I think the UK (for example) is very well serviced with district NET Centres across the country each with specialists in Neuroendocrine Cancer and most include a dedicated NET Specialist Nurse – some areas are better served than others. In my opinion, NET Nurses can prove invaluable in on-going care scenarios. In fact, I was very pleased to see a NET Nurse attending and taking a greater role in my most recent MDT meetings.  I’m fairly certain other countries have similar setups.  Some countries may not be so fortunate and are struggling to get the right resources – I can see this on one or two ‘corporate’ Facebook and Twitter sites. Specialist NET Nurses are an extremely valuable commodity – they do brilliant work and we probably need more!  The same could be said for NET Specialist Dietitians who are key to providing quality of life improvements. In fact, I was delighted to see this recommendation at ENETS 2018 in Barcelona. 

recommend dietitians
More dietitians for NETs?

OK … I may be stable (ish) but I still need support!

However ……. my stability does NOT mean I’m complacent.  For minor issues, it’s always useful to talk to a medical professional, even on the telephone. I think of my GP (PCP) as a ‘virtual’ member of my Multi-Disciplinary Team (MDT) and I copy them into any important correspondence between myself and my Oncologist.  They are normally copied in coming the other way (if not I make sure they are). This is starting to return dividends. Whilst my GP is positioned to deal with most of my ‘irritants’, I still believe specialist assistance is required for many NET Cancer problems or any problem where there is potentially an overlap or risk of a connection. Being your own advocate is useful in these scenarios.  Patient-doctor communication is vital and I find it best to drive this myself. I’m lucky to have direct ‘as and when’ contact a specialist NET Nurse.  All NET patients should have the same.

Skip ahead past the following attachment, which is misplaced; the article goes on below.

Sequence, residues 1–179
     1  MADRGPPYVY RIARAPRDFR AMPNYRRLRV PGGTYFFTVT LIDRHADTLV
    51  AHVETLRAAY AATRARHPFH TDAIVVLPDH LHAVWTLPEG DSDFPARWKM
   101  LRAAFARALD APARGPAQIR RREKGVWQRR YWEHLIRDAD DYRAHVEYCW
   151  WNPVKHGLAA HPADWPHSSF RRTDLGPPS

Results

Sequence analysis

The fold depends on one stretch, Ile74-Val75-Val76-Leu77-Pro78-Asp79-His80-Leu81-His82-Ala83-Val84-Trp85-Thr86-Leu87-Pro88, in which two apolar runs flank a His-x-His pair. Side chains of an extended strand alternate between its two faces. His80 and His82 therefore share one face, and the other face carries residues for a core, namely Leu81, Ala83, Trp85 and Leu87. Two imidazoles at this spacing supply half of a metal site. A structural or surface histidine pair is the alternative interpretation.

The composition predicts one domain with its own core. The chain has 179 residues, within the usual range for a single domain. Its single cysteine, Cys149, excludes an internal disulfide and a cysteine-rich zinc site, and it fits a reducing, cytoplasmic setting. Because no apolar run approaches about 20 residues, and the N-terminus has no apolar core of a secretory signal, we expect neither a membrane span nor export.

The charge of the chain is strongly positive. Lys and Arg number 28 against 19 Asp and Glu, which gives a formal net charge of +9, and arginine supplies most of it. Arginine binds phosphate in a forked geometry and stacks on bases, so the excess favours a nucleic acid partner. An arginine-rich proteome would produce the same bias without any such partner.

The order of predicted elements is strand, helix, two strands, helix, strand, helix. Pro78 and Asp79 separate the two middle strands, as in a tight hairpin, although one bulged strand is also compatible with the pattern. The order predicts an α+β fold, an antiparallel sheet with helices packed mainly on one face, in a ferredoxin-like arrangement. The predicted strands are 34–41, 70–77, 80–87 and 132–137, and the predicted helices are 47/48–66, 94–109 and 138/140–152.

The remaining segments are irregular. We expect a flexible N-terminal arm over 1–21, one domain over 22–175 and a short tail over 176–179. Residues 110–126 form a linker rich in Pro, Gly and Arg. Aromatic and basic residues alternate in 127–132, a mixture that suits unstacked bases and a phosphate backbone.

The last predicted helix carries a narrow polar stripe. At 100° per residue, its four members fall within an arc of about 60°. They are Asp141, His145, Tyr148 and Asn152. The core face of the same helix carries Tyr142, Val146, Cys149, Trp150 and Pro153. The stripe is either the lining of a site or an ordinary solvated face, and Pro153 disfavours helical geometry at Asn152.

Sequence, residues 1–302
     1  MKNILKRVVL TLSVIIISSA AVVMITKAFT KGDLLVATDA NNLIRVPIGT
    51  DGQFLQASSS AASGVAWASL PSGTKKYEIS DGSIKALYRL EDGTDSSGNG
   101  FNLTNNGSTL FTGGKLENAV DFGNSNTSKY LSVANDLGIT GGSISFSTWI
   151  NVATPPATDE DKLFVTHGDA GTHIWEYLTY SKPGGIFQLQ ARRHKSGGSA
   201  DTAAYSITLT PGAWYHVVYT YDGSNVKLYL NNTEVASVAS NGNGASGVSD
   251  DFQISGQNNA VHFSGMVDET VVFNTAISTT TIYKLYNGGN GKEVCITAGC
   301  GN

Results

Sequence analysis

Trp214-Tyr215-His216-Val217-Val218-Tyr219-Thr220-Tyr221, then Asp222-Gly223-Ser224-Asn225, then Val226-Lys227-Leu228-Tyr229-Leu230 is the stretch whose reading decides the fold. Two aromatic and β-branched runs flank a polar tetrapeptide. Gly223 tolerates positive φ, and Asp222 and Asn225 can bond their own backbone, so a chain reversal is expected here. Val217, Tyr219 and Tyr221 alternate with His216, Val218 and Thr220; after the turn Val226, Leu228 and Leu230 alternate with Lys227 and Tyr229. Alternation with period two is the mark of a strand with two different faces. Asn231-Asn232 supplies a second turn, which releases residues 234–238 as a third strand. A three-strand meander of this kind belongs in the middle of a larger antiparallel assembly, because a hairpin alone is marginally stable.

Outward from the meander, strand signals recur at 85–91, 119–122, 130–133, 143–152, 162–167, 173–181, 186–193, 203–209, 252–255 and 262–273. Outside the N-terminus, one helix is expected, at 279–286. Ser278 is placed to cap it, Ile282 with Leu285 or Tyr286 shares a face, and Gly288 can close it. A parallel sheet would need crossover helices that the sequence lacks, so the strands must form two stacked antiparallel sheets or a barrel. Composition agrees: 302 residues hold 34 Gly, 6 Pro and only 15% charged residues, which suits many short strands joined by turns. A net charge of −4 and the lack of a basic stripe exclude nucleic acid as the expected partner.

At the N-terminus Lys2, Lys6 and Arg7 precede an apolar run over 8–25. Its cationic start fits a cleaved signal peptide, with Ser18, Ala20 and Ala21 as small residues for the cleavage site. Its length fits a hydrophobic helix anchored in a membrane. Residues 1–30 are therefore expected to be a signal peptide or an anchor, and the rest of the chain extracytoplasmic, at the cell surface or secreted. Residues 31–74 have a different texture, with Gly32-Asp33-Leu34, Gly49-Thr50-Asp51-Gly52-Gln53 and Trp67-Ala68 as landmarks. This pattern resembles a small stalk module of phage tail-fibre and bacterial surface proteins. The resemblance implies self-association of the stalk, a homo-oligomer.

The best advocate for you is YOU (or someone very close to you)

Although I still need constant surveillance, being stable allows me to focus on QoL and in particular trying to improve on my ‘normal’.  Whilst we are on that subject, did you hear the one about the constipated NET patient?  This article contains a summary of my attempts to gain a decent quality of life.

Although I read patient forums, I don’t necessarily rely on them a lot for my own issues. On sporadic one-off forum questions (…..and not forgetting that hundreds of symptom questions are related to ‘the gut’), the discussions can end up with many different and confusing answers. Plus there are so many patients who are at varying stages of their disease, use different types of healthcare systems, have had different treatments and have different types of NET, have other issues going on, it can end up as a tangled mess as people try to compare apples with pears.  To help with this issue, I created my own private Facebook group and I try to emphasise these issues through moderation. 

I will not compare myself to strangers on the internet
remember all patients are different